Surprising colour combinations, topiary, and a yearning for the simple life were just a few of the trendsetting planting highlights.
Hot and smoky
Orange and purple might be an unlikely pairing in the garden - but designers at Hampton Court showed us that when they're together, they hit it off beautifully. It's a surprisingly sophisticated colour combination that contrasts the hottest, brightest shades with the smokiest, darkest, most sumptuous plants around for the ultimate wow-factor.
In the Centrepoint Garden, Clare Whitehouse used near-black Scabious 'Chile Black' under planted with ochre-orange daylilies, including Hemerocallis 'Golden Chimes' whose petals are backed with dusky purple, picking up the colour scheme beautifully. "I'm not usually very fond of daylilies," says Claire, "but this one is fantastic. I've noticed it's turned up in several other show gardens, too."
Plants which were born for this colour scheme include Dahlia 'David Howard', with brilliant orange flowers and deep purple leaves, and Phormium 'Rainbow Queen' which has orange-tinged purple sword-shaped leaves.
Both feature in Fiona Stephenson's extraordinary, rich planting in Growing Together, in which vibrant, hot colours in the foreground, signifying the sun, shade back to near-black around the startling, modern stainless steel moongate. This was a great garden for unusual planting combinations: drifts of Helenium 'Moerheim Beauty' shone bronze against vibrant orange Achillea 'Walter Funcke', while blackest Heuchera 'Obsidian' brooded below the wine-coloured foliage of Cercis canadensis 'Forest Pansy'. Another tip to take away is Fiona's decision to include touches of paler colours in the purple scheme - such as the fabulous Cimicifuga racemosa 'Brunette', carrying white flowers over purple foliage - to prevent the dark colour scheme from becoming gloomy.
Where the wild things are
There was a certain nostalgia in the air for a simpler way of life at the show this year. Cottage gardens were everywhere, from Rosie Hardy's mixed planting of flowers and vegetables in the Daily Mail Pavilion, to the blowsy, romantic planting of A Midsummer Night's Dream, in which delphiniums and roses mingled in a dreamy, quintessentially English scene.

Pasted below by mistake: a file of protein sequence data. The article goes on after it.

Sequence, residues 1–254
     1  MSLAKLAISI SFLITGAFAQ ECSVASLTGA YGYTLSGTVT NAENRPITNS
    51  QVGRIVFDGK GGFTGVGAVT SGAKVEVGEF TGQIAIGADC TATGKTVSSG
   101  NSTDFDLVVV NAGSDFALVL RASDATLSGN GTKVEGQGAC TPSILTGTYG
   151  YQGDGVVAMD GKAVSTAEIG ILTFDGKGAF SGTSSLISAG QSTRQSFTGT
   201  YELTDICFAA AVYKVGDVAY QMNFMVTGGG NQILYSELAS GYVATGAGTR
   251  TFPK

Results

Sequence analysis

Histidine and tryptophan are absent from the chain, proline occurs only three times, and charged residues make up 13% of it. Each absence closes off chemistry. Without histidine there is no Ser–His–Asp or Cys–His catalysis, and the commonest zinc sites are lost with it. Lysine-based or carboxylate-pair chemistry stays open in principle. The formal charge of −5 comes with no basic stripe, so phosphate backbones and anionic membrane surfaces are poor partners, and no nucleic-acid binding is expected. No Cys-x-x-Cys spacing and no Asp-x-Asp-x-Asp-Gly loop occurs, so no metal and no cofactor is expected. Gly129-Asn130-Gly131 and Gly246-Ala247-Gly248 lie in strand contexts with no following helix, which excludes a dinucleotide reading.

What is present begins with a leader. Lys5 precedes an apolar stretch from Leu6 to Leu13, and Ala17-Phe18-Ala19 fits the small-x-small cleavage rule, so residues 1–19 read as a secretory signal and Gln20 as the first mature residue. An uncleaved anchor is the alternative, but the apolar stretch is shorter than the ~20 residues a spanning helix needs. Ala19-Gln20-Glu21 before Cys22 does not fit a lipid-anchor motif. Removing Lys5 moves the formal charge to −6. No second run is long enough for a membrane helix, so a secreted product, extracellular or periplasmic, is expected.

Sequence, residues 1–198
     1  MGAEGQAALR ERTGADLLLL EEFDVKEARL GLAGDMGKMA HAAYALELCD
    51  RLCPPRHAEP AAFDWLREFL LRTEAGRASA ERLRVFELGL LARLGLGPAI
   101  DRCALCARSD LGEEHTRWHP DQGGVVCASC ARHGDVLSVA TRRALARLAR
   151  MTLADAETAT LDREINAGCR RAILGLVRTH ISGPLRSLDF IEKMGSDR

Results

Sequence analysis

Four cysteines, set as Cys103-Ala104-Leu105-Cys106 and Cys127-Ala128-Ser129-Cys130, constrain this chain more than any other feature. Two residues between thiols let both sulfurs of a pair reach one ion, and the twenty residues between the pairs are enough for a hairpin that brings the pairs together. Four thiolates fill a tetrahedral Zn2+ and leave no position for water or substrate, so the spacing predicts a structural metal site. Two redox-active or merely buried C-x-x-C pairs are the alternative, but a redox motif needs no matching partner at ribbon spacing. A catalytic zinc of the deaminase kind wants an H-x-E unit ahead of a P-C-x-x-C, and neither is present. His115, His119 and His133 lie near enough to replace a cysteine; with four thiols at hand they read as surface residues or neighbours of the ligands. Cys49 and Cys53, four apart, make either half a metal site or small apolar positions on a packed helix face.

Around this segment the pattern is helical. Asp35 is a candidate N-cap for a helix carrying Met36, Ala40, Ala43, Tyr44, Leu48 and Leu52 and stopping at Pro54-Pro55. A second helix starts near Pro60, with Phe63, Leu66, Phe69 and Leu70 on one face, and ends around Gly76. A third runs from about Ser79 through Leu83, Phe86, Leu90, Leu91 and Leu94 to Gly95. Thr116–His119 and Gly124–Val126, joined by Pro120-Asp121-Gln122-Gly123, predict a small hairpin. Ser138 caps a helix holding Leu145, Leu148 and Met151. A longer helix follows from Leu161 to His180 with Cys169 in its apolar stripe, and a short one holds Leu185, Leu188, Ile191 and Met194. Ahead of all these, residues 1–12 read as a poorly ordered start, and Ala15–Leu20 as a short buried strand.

Wildflowers, too, popped up all over the place. The simple, poignant conceptual garden, The Fallen, used lines of wildflowers to mark out a 'graveyard' commemorating extinct species, while in The Miller's Garden, cornflowers and field poppies were scattered through the barley.
Ferns were also used to great effect. Mike Harvey, in the The Unwind Garden, combined them with Hydrangea 'Annabelle' and papery white astrantias, and they also lurked under a metal grid pathway in an innovative planting by Hadlow College in their small garden, Full Frontal.
It' wasn't all quintessential Englishness and natural planting, though. The exotic was also there, but with a nod to environmental concerns: several gardens demonstrated how plants from other countries can be used to minimise water consumption.
Mediterranean plants like olives, citrus and grapevines looked as if they're here to stay: Anthea Guthrie, in her Spanish-inspired Torres Tapas garden, has used all three to create a look that reminded you of hot climates even when your umbrella is up. She put it in a firmly English setting, though, with a bed of riotous roses in the middle, creating an interesting fusion that may be the shape of things to come.
The Banrock Station and Eden Project garden, 'I'll Drink to That', went even further afield. As well as Mediterranean plants like figs, grapes and olives, there were exotic desert plants from South Africa. A Protea nestled among prehistoric restios and cycads, the whole thing was lightened by an underplanting of Osteospermum 'Orange'. It was more desert than downpour, which might seem ironic given the weather forecast: but just wait till the next drought and it'll seem right at home.